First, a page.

Kim Mauch has over a decade of experience absorbing the ins-and-outs of effective mailing preparation and submission processes with a heavy emphasis on new USPS technologies including Intelligent Mail and electronic documentation.
In her current role as postal products specialist for Quadient, Kim educates customers on how to efficiently meet the latest USPS regulations.
She has presented at MailCom, National Postal Forum and numerous educational forums, including full-day channel training sessions, online webinars and high-profile customer training programs.
In an increasingly connected world, mailers are being called to extend their mailings with email follow-ups, calling campaigns and social media posts. Let’s take a look at a few of these new channels to see what’s possible.
Epicomm, formerly MFSA, did a study and found that 22% of mailers today are offering email services. And companies who are expanding their services are the ones who are growing the most. But we found that some mailers are having trouble knowing where to start. So let’s take a look at a few of these new channels to see what’s possible.
Email has become the go-to communication method for just about everyone. Just about everyone has at least one email address, and some people have multiple. Sending an email message is fairly easy, with tools available to send to batches of people that are easy to use and affordable. Emails can be collected just about anywhere – usually directly from the person. Unfortunately, with many email lists come the trouble of bounce-backs and incorrect email addresses, and the overwhelming amount of email that all of us get each day. Having a clear “unsubscribe” link is a best practice to ensure recipients want your message, and regular cleaning and maintenance, just like an address list, is a good idea as well. Fortunately, there are tools to clean email addresses as well. Sending an email is rather inexpensive, but sending to an incorrect address is still a waste of time.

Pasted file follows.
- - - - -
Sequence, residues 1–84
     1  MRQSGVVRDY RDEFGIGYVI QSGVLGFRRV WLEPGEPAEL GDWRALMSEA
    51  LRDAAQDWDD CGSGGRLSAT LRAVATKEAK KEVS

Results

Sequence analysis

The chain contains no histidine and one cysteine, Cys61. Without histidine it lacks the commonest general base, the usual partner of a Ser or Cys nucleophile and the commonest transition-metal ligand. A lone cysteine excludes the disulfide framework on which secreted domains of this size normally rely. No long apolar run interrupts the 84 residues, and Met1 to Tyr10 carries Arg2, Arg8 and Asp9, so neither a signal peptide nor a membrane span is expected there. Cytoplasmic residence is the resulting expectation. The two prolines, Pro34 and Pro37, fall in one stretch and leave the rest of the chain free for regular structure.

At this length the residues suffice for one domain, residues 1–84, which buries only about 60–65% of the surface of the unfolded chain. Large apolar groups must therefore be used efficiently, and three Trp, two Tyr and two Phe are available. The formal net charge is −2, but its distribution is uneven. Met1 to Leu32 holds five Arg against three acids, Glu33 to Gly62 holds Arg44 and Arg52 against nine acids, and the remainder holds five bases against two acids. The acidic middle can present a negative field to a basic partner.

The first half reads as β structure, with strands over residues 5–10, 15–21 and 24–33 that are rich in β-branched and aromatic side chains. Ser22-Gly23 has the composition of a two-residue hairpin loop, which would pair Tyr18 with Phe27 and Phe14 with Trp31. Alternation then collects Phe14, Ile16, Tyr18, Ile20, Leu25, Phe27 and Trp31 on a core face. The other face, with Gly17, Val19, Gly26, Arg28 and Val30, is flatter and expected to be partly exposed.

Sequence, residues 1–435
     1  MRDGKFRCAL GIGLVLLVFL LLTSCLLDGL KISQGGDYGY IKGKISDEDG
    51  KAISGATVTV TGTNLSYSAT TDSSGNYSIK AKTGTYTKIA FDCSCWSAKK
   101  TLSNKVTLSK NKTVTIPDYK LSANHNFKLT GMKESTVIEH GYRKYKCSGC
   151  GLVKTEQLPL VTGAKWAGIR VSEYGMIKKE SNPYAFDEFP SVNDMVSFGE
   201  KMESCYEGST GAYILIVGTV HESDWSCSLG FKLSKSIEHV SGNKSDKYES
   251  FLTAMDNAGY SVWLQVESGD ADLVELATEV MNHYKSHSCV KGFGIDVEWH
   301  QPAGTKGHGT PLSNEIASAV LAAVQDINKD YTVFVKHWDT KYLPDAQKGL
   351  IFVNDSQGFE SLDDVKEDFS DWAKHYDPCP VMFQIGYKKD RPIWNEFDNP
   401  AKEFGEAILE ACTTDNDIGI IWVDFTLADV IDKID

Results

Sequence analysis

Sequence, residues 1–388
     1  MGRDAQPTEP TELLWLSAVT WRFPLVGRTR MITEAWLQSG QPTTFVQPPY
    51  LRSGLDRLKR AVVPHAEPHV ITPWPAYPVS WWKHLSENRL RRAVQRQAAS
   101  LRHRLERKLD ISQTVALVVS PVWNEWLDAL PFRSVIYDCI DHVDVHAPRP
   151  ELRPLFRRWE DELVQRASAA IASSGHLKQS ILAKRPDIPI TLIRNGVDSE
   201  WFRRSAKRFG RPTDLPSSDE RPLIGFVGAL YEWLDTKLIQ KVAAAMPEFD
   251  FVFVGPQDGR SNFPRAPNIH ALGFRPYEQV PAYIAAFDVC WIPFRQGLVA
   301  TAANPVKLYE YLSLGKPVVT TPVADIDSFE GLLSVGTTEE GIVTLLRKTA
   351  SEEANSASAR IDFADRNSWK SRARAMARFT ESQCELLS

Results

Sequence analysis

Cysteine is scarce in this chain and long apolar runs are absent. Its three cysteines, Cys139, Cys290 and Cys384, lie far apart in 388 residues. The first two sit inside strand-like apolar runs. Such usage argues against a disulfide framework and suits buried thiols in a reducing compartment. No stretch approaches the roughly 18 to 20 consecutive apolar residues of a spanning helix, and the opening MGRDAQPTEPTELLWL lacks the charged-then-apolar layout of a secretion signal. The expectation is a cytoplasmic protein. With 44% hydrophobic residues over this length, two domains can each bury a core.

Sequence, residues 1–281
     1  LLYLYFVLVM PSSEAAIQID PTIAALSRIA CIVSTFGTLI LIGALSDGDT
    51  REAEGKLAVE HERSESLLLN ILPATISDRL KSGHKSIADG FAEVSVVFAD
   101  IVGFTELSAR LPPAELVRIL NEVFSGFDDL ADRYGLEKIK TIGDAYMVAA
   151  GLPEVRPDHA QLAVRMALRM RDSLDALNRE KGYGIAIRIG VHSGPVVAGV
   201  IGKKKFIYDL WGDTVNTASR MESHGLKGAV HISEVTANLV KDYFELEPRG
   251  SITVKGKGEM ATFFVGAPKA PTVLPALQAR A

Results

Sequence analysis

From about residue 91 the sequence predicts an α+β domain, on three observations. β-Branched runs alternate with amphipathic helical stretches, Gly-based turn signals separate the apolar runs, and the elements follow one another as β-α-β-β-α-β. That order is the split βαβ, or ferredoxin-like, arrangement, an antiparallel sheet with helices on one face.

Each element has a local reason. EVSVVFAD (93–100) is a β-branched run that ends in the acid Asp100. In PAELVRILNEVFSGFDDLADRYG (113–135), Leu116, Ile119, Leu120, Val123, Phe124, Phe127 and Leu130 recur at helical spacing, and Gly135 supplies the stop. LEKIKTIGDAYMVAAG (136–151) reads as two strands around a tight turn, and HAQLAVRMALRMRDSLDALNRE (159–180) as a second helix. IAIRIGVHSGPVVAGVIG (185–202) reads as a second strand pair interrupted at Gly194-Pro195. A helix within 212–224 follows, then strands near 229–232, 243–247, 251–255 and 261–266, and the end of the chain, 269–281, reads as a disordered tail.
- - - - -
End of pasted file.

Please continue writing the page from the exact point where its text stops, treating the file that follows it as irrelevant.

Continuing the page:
With the explosion of mobile devices, contacting someone by phone has become much more interesting. It doesn’t always mean a vocal conversation; it can also be a text or social media message. A recent study showed that Americans check their phones an average 17 times per day, amounting to 4.7 hours per day! We use our phone numbers to sign up for customer loyalty programs, discounts and other programs. Much like email, having the correct, and current phone number can mean the difference between making a big impact on the customer, and annoying the wrong person.
New tools are available to help mailers expand into multi-channel without starting from scratch. Many of the best practices from mail, like monitoring the DMA do not mail list, are applicable in email and phone communications as well (each has their own do-not-contact list). If you’re thinking about adding additional channels, or if you’ve been using them and are ready to level-up your skills, let us know what your biggest concerns are, what your customers are asking for, and what benefits have you seen? Let’s keep the conversation going.